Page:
If you’d like to proceed with consolidating your debt, you’ll need to weigh the potential benefits and drawbacks of each consolidation option available to you. In general, you’ll need to secure a loan to act as a balance transfer or work with a nonprofit credit counseling agency to enter into a DMP. If you choose to transfer your debt balances to a new line of credit, you’ll need to evaluate whether a home equity loan, HELOC, unsecured debt consolidation loan, credit card balance transfer, or a personal loan will work best for your situation. If you’re not a homeowner, home equity loans and HELOCs won’t be an option for you. If you don’t have access to someone willing to lend you a hand, a personal loan isn’t a viable option. Chances are that an unsecured debt consolidation loan will be your best bet unless you have good credit and can secure a credit card balance transfer at a low-interest rate.

Apply for a Delaware Debt Consolidation Loan

Unless you’re entering into a DMP or you have access to a personal loan, you’ll need to apply for a new loan to which you can transfer your existing debt balances. No matter which type of loan you choose, make sure that its terms are fair, its origination fee is reasonable, and it isn’t a high-interest line of credit. You’ll also want to research the credentials and reputation of your lender before you agree to work with them. The last thing you want is to suffer the fallout of a debt-related scam. If you go to the website for the Better Business Bureau or the Delaware attorney general, you can access valuable information about your lender’s reputation and record.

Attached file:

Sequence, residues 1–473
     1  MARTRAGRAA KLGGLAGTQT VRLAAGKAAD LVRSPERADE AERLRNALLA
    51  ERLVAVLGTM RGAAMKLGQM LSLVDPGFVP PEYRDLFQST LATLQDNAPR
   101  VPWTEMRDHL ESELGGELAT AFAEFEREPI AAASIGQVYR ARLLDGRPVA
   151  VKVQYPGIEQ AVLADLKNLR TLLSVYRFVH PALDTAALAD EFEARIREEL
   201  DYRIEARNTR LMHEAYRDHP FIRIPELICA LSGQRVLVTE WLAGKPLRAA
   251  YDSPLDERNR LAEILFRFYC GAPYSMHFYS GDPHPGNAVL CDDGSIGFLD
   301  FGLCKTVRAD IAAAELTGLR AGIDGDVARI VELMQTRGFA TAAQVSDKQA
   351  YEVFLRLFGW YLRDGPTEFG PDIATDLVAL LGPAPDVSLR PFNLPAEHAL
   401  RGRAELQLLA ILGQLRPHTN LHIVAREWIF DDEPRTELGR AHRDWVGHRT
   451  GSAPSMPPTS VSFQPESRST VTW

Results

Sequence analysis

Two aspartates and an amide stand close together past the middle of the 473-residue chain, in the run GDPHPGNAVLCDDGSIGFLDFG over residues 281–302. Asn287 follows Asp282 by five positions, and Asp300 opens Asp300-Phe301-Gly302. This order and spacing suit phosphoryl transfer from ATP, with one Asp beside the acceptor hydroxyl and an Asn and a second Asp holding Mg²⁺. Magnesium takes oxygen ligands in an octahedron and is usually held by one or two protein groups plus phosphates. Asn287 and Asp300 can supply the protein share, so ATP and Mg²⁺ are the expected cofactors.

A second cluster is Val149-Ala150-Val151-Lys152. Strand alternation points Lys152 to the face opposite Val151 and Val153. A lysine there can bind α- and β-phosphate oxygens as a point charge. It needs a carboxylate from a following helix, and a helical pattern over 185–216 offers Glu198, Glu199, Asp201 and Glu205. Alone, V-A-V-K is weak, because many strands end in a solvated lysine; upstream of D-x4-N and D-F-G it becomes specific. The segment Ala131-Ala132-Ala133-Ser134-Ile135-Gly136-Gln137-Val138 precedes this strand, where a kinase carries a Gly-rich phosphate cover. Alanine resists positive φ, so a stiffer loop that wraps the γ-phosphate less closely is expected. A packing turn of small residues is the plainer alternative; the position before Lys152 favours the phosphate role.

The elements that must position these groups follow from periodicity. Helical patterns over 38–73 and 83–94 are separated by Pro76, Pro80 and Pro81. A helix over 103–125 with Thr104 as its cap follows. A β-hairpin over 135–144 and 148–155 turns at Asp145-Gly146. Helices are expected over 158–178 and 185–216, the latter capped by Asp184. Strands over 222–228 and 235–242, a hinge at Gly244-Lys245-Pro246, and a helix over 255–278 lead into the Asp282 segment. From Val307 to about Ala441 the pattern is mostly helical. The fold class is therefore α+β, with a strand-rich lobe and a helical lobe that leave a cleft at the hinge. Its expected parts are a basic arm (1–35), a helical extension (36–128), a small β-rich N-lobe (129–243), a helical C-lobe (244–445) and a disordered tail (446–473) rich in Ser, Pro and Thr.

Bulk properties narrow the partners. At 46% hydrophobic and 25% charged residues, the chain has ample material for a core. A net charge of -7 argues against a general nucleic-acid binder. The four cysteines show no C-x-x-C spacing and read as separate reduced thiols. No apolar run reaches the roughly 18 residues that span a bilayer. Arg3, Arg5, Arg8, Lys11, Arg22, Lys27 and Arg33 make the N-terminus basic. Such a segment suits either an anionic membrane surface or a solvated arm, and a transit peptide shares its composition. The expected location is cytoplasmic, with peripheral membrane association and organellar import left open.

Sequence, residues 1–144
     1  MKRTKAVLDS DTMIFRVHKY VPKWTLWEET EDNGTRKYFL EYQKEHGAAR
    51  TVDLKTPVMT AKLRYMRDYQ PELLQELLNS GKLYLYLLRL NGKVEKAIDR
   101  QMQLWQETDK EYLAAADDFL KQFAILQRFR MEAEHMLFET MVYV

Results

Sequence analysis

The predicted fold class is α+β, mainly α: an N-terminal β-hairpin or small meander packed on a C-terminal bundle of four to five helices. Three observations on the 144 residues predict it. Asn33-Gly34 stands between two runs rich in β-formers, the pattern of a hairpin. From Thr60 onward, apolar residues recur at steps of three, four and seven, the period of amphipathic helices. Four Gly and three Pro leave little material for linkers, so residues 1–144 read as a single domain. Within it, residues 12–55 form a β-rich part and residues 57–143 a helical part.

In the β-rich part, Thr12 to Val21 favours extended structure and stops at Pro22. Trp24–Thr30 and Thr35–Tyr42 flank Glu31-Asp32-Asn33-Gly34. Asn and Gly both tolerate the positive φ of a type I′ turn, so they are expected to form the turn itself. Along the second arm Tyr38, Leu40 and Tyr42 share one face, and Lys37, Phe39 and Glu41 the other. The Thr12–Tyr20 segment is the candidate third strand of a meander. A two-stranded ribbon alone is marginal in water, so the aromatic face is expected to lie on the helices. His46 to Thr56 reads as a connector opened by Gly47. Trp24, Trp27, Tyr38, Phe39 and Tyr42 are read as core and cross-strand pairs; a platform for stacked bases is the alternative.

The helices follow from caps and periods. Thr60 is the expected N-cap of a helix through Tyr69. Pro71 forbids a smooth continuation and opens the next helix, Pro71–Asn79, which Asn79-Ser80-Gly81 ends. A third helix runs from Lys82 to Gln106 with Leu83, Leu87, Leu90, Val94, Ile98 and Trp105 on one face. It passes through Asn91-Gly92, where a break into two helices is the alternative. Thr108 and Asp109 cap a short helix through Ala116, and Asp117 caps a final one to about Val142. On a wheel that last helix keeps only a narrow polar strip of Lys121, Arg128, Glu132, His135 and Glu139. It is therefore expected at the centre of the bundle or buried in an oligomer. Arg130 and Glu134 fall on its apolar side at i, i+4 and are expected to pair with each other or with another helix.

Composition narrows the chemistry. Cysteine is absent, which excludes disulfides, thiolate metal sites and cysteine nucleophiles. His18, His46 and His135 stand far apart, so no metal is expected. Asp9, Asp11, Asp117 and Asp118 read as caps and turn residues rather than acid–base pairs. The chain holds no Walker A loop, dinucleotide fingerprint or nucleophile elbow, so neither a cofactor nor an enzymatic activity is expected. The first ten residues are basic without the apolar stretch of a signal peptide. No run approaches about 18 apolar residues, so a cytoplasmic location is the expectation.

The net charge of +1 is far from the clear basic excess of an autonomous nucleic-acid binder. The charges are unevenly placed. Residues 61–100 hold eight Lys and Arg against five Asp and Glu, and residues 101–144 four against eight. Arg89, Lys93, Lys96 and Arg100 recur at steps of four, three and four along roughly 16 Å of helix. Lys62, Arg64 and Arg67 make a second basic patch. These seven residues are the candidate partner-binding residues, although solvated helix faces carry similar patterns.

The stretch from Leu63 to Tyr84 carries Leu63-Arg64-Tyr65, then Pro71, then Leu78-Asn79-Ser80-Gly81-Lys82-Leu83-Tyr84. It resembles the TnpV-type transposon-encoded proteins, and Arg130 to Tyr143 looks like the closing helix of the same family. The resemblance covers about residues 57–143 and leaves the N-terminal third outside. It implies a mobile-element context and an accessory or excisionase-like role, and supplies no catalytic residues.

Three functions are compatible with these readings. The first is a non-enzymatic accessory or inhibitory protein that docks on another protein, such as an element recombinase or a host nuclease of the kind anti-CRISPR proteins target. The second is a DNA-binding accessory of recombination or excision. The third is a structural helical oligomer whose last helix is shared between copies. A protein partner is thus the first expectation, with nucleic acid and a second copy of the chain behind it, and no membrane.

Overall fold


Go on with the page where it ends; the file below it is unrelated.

How to Stay Current with Payments After Consolidating Your Debts in Delaware

When your debt consolidation process is complete, you’ll need to prioritize making your monthly payment on time. You can help yourself by scheduling your payment due date at a time of the month when you reliably have access to income. You’ll also want to track your spending so that you aren’t tempted to run up more credit card debt. Adjusting the budget you’ve already made as your finances evolve is important too. For example, if you choose to go back to school and need to take out more student loans, your budget will need to reflect the change so you can adjust your finances accordingly. Unexpected expenses are going to pop up from time to time. For example, the budget you made recently didn’t account for any origination fee or transfer fee you may have been charged when you signed up for a consolidation loan. By keeping careful track of your finances, your budget will be better able to absorb these unexpected costs.